Bhatia goes on to further explain how the apex court granting freedom to Speaker KR Ramesh "becomes effectively chimerical". "...the whole point is that the ruling combine is likely to lose its majority in the circumstances that the rebel MLAs are able to defy the party whip without being disqualified – which is precisely what the Court’s order allows. In effect, therefore, the Order – while purporting to grant the Speaker unlimited time – effectively grants the Speaker time until the trust vote to decide, after which any decision the Speaker makes will, for all practical purposes, be infructuous."
Concluding the post, Bhatia notes that the two subversions of constitutional conventions are the "Speaker abusing his powers on the one hand, and large-scale horse-trading on the other." The framing of the Supreme Court order, in fact, "makes the former far more difficult (in a similar manner to how the Supreme Court fettered the governor’s ability to abuse his powers the last time around), but at the same time, actively allows for the facilitation of the latter, by judicially noting that the rebel MLAs “ought not” to be subjected to the party whip."
While he agrees that there is a need for judicial intervention in the ongoing political crisis in the southern state, Bhatia cautions that the "space" is "fraught with risk for the court." "In fashioning a remedy, the Court ought to make it as difficult as possible for the warring political functionaries to subvert constitutional conventions, while leaving the final solution to the existing democratic processes."
What the Supreme Court said
The Supreme Court bench, also comprising Justice Deepak Gupta and Justice Aniruddha Bose, said the Speaker's discretion in deciding on the MLAs' resignations should not be fettered by the court's directions or observations and he should be left free to decide the issue.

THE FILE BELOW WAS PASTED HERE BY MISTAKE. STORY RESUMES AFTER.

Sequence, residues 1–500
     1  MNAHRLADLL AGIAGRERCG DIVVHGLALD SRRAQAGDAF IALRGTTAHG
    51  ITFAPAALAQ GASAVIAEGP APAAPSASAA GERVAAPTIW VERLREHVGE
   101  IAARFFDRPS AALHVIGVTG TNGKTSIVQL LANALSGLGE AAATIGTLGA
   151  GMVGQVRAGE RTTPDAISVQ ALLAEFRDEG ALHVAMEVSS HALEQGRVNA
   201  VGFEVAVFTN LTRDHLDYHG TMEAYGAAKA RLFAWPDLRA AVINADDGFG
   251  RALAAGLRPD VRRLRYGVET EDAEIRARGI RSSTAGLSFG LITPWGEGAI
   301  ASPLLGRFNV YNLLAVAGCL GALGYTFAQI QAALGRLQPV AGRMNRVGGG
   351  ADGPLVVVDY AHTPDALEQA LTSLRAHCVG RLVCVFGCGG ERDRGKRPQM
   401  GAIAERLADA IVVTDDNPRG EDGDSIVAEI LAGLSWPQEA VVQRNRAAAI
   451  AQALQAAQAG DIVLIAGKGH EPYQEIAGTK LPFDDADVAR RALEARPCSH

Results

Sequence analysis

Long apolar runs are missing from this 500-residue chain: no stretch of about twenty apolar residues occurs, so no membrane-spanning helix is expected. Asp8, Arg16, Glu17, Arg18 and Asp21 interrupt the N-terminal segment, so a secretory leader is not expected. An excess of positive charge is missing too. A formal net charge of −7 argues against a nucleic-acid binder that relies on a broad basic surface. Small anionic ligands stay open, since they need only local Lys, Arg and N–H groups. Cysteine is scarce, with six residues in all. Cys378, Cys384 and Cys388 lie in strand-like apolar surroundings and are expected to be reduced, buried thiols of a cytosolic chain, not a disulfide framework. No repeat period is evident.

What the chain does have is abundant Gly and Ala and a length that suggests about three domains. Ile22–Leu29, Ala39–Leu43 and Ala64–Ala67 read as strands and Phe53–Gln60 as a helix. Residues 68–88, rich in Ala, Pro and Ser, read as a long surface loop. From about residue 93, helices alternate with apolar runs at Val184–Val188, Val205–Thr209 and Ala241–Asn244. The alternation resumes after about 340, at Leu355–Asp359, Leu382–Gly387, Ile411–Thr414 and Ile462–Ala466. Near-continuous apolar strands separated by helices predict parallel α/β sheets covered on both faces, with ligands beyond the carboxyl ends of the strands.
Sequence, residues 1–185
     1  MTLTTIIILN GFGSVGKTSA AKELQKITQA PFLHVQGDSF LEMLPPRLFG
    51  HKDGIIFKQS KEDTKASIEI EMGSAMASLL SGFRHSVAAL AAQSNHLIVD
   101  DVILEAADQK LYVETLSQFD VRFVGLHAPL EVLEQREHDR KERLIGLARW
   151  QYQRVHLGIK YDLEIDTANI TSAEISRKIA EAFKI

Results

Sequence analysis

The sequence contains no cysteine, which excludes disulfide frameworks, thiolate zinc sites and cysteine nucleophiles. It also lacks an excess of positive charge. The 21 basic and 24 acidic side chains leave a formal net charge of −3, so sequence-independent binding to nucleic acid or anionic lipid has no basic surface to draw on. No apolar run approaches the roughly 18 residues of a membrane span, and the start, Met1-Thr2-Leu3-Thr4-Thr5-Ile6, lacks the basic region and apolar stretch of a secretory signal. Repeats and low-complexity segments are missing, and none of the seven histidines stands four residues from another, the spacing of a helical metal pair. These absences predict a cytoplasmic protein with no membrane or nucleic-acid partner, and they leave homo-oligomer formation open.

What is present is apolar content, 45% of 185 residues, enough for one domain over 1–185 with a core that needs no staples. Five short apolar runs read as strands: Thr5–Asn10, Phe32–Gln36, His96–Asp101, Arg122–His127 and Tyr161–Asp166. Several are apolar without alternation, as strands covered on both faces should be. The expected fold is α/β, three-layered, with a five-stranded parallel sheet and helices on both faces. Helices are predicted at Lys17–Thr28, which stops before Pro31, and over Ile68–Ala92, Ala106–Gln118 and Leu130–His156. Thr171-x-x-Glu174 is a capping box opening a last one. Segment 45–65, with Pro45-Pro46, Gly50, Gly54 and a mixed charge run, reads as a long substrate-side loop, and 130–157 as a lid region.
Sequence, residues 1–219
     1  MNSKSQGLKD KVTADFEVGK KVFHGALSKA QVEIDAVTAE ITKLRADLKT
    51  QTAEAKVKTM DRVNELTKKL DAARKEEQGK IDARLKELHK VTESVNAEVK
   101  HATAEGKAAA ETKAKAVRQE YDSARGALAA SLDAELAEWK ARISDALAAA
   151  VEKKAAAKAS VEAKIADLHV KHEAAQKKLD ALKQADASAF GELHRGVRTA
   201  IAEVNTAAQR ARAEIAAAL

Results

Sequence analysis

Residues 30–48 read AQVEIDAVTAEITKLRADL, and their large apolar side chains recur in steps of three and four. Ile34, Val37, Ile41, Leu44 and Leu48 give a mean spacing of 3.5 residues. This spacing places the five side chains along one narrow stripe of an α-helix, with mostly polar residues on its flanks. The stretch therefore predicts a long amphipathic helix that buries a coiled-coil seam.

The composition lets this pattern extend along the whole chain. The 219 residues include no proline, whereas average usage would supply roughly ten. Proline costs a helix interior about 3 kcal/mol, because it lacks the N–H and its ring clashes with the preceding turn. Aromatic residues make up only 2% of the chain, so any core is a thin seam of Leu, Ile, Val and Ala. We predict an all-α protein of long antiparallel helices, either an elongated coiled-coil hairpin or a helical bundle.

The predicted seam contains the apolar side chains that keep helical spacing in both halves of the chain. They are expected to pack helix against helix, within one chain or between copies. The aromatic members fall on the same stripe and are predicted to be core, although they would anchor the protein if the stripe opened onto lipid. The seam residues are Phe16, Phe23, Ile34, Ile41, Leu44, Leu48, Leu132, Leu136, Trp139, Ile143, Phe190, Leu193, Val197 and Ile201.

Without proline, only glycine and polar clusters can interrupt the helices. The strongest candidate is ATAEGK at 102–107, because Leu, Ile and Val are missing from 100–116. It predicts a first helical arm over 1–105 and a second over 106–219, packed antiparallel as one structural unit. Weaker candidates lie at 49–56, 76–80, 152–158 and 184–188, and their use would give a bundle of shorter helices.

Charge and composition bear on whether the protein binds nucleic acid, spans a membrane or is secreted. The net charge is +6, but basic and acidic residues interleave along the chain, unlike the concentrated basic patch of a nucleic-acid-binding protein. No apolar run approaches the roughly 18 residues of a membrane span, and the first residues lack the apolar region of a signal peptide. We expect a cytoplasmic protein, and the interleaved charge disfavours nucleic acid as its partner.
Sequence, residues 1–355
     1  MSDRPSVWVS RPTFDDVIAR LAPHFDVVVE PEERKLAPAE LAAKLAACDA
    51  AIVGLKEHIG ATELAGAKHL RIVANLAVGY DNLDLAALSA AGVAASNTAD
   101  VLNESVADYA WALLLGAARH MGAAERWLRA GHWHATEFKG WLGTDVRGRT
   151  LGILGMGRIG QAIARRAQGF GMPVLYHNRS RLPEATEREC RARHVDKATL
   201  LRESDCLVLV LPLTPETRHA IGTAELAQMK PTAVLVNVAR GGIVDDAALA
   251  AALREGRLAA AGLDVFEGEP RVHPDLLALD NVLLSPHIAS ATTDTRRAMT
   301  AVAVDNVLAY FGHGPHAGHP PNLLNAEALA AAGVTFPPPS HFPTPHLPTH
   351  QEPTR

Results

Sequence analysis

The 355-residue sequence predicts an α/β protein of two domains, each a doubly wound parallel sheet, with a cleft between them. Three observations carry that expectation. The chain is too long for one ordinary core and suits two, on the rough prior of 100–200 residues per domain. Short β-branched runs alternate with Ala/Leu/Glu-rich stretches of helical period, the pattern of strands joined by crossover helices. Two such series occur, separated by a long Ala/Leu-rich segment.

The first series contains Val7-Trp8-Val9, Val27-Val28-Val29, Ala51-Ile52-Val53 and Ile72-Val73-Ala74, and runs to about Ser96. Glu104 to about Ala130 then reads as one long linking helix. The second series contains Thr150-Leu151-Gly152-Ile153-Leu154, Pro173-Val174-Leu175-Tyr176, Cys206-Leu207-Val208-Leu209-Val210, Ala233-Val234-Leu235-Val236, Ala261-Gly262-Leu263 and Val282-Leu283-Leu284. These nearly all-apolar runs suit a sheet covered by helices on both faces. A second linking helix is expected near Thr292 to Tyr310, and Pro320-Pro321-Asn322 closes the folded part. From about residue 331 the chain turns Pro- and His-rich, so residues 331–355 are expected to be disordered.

The apex court also said the Speaker's decision be placed before it. "We also make it clear that until further orders, the 15 members of the Assembly ought not to be compelled to participate in the proceedings of the ongoing session of the House and an option should be given to them that they can take part in the proceedings or opt to remain out of the same. We order accordingly," the bench said in its three-page order.
It also noted that the imperative necessity at this stage was to maintain the constitutional balance and the conflicting and competing rights canvassed before it.
"Such an interim exercise has become prudent in view of certain time-frame exercise(s) that is in the offing in the Karnataka Legislative Assembly, particularly, the no-trust motion against the present government, which we are told is due for being taken up on 18 July, 2019," it said.
The bench further said, "In these circumstances, the competing claims have to be balanced by an appropriate interim order, which according to us, should be to permit the speaker of the House to decide on the request for resignations by the 15 members of the House within such time-frame as the speaker may consider appropriate."
The apex court further said, "We also take the view that in the present case, the discretion of the speaker while deciding the issue should not be fettered by any direction or observation of this court and the speaker should be left free to decide the issue in accordance with Article 190, read with Rule 202 of the Rules of Procedure and Conduct of Business in Karnataka Legislative Assembly, framed in exercise of the powers under Article 208 of the Constitution."
The bench noted in its order that the issue before it was whether the resignations submitted by the MLAs prior to the petitions for their disqualification under the Tenth Schedule of the Constitution should be accorded priority in the decision-making process or whether both sets of proceedings should be taken up simultaneously or the disqualification proceedings should have precedence over the requests for resignation.
"Constitutional principles should not receive an exhaustive enumeration by the court unless such an exercise is inevitable and unavoidable to resolve the issues that may have arisen in any judicial proceeding," the bench said.
It further said, "In the present case, having regard to the stage at which the above issues are poised in the light of the facts and circumstances surrounding the same, we are of the view that the questions should receive an answer only at a later stage of the proceedings."
The court also allowed the intervention application of five rebel MLAs to be made as parties in the case, in which 10 MLAs have approached the apex court earlier. It also allowed the application filed by Anil Chacko Joseph, who, along with around 400 Congress workers, has approached the court for impleadment as a party in the matter.
With inputs from PTI